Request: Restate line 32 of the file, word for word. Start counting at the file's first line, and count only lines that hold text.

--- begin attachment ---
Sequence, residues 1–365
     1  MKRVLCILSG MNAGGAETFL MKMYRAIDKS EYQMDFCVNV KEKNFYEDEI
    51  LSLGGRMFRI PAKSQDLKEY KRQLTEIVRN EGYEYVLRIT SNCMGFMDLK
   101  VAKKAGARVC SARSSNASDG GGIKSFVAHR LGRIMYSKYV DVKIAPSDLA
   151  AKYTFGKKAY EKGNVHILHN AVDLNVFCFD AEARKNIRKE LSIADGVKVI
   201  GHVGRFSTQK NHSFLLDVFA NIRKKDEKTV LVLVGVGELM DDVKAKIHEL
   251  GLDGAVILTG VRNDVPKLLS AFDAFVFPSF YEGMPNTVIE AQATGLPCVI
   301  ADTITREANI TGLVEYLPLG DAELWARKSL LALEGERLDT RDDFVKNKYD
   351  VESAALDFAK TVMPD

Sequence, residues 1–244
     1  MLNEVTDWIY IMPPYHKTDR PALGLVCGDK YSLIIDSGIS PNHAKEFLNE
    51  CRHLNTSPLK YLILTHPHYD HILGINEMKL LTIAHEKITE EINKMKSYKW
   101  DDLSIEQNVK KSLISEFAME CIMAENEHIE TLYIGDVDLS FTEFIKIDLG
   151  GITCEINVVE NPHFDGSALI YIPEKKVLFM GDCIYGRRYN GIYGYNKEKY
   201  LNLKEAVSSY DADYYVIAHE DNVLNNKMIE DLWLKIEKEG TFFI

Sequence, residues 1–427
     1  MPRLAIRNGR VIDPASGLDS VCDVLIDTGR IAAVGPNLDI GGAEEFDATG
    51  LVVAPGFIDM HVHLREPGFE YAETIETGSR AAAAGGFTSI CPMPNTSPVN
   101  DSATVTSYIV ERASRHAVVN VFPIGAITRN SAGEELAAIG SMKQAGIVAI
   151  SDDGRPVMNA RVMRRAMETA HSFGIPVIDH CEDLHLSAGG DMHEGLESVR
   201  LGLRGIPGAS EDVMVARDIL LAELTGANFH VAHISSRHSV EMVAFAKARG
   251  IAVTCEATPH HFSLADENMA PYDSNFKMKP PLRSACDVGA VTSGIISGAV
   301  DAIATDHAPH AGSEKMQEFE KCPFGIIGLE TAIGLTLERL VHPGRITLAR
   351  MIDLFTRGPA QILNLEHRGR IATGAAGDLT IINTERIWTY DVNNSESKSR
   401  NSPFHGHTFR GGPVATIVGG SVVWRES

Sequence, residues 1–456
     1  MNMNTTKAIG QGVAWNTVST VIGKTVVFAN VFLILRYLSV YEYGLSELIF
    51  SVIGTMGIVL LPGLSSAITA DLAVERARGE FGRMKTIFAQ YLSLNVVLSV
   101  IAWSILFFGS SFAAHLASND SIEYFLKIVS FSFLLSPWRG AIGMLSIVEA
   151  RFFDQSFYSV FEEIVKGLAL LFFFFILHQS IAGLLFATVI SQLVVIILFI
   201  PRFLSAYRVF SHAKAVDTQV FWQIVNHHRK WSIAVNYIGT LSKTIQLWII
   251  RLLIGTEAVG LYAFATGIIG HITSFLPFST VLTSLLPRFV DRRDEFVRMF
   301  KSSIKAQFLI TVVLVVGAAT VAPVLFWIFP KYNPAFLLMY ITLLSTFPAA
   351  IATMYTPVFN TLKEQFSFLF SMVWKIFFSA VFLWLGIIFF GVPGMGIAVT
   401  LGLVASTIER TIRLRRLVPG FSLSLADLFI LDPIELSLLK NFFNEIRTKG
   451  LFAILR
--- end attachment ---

   251  RLLIGTEAVG LYAFATGIIG HITSFLPFST VLTSLLPRFV DRRDEFVRMF